11. The method of claim 10, wherein the step of converting the RSSI fingerprint vector to the image comprises:
normalizing RSSI/RSS values of RSSI/RSS fingerprint vector to a pre-defined range of pixel intensities of the image; and
generating the image having a number of pixel that is greater than a number of radio sources.
12. The method of claim 1 further comprising:
obtaining a third data set comprising measurements of strength of received radio signals transmitted by the radio sources at the location;
generating an image from the measurements of strength for the given location; and
determining a location of the device in the given location by applying the generated image to the trained neural network.
13. The method of claim 1, wherein the radio sources is selected from the group consisting of Ultra-Wide-Band (UWB) network radio, Bluetooth network radio, ZigBee network radio, and cellular networks radios.
14. The method of claim 1, wherein the radio sources comprise a plurality of Wi-Fi network radios.
15. The method of claim 1, wherein the training step is performed on a mobile device for localization of the mobile device at the location.
16. The method of claim 1, wherein the training step is performed on a cloud or remote server, the method further comprising:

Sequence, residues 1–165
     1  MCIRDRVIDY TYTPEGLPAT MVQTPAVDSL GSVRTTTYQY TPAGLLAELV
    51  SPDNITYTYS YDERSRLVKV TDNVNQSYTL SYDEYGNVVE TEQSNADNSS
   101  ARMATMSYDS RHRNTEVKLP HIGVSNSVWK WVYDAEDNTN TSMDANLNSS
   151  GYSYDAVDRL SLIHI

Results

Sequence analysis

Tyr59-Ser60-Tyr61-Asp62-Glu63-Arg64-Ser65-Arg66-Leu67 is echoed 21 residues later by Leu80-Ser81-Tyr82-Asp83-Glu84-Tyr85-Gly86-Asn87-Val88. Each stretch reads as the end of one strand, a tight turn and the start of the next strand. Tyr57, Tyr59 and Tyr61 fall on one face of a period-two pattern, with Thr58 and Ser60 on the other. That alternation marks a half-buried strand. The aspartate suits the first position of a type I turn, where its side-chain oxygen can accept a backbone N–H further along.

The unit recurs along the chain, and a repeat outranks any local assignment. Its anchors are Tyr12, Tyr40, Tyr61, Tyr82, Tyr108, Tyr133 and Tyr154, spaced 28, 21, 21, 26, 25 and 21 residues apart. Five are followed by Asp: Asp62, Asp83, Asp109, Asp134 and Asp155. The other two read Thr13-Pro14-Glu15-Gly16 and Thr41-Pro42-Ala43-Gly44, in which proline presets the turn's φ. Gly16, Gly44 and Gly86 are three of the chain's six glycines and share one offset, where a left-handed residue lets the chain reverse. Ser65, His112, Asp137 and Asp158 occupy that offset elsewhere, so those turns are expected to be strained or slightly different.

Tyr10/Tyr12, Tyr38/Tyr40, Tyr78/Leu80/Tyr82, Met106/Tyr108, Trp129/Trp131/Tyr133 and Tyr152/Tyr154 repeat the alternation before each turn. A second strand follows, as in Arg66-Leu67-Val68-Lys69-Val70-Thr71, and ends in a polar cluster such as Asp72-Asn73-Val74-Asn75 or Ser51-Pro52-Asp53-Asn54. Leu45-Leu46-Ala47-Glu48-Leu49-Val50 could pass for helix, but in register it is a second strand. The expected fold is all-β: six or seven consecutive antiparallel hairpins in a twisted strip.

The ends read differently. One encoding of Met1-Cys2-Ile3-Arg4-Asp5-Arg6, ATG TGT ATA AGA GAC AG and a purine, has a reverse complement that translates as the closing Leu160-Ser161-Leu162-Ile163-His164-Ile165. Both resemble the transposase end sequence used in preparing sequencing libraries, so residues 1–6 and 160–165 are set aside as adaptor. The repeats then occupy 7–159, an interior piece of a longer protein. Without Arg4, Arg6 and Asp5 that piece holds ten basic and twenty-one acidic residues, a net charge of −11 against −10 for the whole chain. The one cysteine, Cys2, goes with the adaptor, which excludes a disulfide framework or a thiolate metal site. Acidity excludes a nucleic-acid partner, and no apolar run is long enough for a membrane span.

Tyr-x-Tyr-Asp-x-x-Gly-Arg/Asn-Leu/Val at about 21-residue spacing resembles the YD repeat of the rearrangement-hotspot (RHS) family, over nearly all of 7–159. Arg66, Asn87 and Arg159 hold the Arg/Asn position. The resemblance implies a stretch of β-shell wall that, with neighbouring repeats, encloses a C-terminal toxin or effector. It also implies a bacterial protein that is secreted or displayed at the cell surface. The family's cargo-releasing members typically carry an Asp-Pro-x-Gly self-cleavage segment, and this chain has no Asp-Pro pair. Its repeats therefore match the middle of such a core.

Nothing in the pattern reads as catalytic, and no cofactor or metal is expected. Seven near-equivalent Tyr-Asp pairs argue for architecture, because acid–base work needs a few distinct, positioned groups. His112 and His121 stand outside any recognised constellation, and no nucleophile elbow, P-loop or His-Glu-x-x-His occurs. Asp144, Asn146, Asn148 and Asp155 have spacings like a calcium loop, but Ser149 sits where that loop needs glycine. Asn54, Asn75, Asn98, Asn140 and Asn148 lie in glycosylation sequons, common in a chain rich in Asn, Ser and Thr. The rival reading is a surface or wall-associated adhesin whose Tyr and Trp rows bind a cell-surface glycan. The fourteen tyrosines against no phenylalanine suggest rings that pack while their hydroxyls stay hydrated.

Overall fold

transmitting, by the one or more processor, the trained neural network to a computing device for localization of the computing device.
17. The method of claim 1, wherein the training step secures the neural network against jamming and spoofing attacks at the location.
18. The method of claim 1, wherein the neural network comprises a convolutional neural network or deep neural network.
19. A non-transitory computer readable medium comprising instructions stored thereon, wherein execution of the instructions by a processor (e.g., mobile device processor or remote/cloud server processor) cause the processor to:
obtain a first training data set comprising measurements of strength of received radio signals transmitted by radio sources for a location;
determine for one or more of the radio sources for the location, a statistical distribution model of measurements of strength of received radio signals transmitted by the each radio sources for a respective location;
generate a second training data set from the first training data set by i) extrapolating measurements of strength of the received radio signals using the determined statistical distribution model and ii) adding a set of random offset values to values of the extrapolating measurements; and
train the neural network using the first and second training data set, wherein the trained neural network is used for fingerprint-based indoor localization of a device at the location.